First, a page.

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When I first read that the Holy Grail was so important because it had once contained the blood of Christ I was skeptical.  After all, Middle Age Europe was filled with merchants selling pieces of the Cross Jesus died on, cuttings of his hair, his bones, and any other object associated with the last days of his life.  All of those that have ever been tested have proven frauds.

Of course there was the surface evidence.  Though Lancelot was the perfect knight, his affair with the queen made him too tainted to win the grail.  Deeply flawed knights often died on the quest for the grail, while lesser knights whose hearts were pure (Galahad, Perceval, Bors) were in this religious atmosphere much greater than they ever had been.  But that was not so believable.

As I began to read more of the Medieval literature, my suspicions were somewhat allayed.  Claims of Perceval’s descent from Joseph of Arimathea gave the story depth as Joseph was traditionally the man who provided Jesus’ grave site and was gifted items from the Apostles.  When I learned that Lancelot was cousin to Perceval and that his son and another cousin, Galahad and Bors, were descended from Joseph as well I was confident that the Christian solution was the right one.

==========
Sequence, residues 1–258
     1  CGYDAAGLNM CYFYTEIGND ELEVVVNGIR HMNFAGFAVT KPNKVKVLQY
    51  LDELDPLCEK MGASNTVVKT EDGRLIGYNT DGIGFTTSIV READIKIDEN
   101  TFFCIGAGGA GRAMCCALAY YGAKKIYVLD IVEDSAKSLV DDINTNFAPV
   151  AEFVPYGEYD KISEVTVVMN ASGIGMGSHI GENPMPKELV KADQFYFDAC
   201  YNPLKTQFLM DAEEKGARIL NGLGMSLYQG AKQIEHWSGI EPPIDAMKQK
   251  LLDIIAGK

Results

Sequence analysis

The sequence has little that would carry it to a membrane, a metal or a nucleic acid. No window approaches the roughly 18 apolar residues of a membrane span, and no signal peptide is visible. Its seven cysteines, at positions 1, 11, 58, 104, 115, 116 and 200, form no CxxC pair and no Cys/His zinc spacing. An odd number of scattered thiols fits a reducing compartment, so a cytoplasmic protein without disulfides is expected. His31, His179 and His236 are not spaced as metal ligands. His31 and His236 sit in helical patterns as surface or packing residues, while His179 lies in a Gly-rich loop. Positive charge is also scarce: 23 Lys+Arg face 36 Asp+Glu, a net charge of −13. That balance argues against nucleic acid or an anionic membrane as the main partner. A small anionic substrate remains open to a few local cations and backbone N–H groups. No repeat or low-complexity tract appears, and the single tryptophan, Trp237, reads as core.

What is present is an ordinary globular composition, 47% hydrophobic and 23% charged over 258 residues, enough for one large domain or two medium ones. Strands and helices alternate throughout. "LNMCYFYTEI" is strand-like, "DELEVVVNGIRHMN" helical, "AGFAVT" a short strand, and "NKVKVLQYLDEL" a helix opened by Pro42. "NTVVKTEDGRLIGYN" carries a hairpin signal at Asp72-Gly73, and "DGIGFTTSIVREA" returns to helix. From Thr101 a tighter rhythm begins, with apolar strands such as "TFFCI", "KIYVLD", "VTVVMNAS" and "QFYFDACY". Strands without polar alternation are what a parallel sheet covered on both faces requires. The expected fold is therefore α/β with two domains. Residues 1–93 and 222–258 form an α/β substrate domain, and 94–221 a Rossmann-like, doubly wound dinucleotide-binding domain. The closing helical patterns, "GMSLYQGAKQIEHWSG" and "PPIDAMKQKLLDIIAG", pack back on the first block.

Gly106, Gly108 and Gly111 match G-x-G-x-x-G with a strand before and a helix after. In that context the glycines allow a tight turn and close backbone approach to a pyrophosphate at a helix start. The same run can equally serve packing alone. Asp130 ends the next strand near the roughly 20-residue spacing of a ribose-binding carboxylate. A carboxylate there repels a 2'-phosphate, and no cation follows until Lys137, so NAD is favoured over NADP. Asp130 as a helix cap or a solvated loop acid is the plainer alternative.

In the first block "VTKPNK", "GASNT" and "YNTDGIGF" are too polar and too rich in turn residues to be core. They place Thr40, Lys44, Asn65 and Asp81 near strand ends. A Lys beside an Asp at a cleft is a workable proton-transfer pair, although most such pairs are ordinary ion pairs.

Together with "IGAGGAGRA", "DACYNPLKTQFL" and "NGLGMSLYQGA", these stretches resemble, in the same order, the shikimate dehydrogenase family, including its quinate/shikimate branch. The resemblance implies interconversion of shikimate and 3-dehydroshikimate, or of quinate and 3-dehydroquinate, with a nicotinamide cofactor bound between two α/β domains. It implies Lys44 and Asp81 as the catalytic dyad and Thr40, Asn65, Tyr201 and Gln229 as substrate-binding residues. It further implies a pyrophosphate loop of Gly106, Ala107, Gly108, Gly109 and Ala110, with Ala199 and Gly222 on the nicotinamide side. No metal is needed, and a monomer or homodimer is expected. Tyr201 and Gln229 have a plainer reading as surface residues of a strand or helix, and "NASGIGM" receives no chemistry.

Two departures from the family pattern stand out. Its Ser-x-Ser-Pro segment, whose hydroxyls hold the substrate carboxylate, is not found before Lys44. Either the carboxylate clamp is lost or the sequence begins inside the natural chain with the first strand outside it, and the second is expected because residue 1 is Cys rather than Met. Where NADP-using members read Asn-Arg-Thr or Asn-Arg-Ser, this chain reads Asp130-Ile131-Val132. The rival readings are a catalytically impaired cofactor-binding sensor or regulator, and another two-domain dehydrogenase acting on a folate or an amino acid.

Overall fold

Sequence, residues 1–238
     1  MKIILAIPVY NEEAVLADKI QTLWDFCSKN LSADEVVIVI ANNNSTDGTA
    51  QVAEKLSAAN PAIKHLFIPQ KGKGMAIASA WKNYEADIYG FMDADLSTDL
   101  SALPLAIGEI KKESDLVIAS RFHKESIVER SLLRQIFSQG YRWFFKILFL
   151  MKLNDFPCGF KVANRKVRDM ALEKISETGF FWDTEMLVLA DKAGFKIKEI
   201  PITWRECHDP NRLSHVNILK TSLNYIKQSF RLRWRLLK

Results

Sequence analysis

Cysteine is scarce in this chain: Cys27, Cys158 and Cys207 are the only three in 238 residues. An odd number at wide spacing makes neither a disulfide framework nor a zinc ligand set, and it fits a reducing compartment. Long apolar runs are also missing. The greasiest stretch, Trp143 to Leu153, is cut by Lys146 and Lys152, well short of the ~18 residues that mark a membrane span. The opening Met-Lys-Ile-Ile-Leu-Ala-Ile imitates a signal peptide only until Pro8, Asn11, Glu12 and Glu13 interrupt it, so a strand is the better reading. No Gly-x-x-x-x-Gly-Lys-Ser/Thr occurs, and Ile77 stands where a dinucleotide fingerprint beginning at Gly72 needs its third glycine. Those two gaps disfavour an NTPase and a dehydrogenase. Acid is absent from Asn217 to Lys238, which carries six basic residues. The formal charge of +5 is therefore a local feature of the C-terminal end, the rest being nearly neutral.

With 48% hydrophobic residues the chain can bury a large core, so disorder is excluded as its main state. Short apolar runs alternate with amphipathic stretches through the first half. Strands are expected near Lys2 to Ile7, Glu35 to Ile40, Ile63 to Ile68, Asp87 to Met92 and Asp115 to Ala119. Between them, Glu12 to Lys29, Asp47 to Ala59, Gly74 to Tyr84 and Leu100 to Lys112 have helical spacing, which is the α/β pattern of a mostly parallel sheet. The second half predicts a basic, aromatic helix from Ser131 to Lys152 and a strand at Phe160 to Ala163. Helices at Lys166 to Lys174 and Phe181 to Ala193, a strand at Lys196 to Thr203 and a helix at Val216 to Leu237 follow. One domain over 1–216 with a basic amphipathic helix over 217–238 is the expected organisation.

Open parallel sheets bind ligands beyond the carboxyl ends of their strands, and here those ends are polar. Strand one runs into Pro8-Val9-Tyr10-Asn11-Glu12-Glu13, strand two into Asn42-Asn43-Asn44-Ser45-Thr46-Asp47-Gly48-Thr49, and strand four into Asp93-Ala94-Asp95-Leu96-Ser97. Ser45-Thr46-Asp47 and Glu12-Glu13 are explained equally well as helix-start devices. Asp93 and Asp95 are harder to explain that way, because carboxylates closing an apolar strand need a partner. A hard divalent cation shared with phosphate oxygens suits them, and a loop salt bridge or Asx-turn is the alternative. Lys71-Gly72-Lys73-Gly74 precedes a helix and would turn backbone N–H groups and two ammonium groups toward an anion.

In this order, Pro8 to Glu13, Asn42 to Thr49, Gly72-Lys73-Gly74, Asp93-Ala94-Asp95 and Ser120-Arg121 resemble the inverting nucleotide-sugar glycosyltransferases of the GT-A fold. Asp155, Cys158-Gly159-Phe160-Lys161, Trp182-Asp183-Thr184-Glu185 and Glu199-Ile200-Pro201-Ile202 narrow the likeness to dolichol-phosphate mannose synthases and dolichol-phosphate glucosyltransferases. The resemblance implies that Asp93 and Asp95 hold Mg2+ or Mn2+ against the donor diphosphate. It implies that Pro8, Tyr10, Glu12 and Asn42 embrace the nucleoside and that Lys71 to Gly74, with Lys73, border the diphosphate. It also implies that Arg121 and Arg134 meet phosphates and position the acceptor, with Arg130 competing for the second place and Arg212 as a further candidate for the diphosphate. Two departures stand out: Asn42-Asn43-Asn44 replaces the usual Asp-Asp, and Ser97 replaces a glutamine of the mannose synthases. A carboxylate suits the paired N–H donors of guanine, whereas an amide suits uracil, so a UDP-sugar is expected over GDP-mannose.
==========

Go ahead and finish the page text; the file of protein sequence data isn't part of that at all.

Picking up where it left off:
The oft-repeated story that Perceval was the heir to the ownership of the grail, through Joseph, put things in perspective.  This was the story of one boy’s maturity to a point where he was worthy of the grail, a sort of journey of the true Christian that had been recorded and perhaps altered to create a parable.

Other items fell into place as well.  Though there was much of the fantastic in the stories, some of them had tidbits I questioned.  Knights, or in a fifth-century context warriors, converted to Christianity made sense on an island only recently exposed to the religion.

The feast, too, makes sense.  In the original version by ChrĂ©tien de Troyes, many of the foods and the manner of eating make perfect sense from a Jewish context.  It is a Passover meal, and it is the time of Passover according to the story.

Names, too, seemed reasonable.  Carbonek, for instance, is totally nonsensical against the geography of Britain.  Car/Caer means castle or fortress, usually of Roman manufacture, and there is no record of the place in any official record.  However, French cors and Welsh corff means body.  If the name meant “Christ’s body” or some such it would explain the absence.  No other explanation has ever been seriously offered.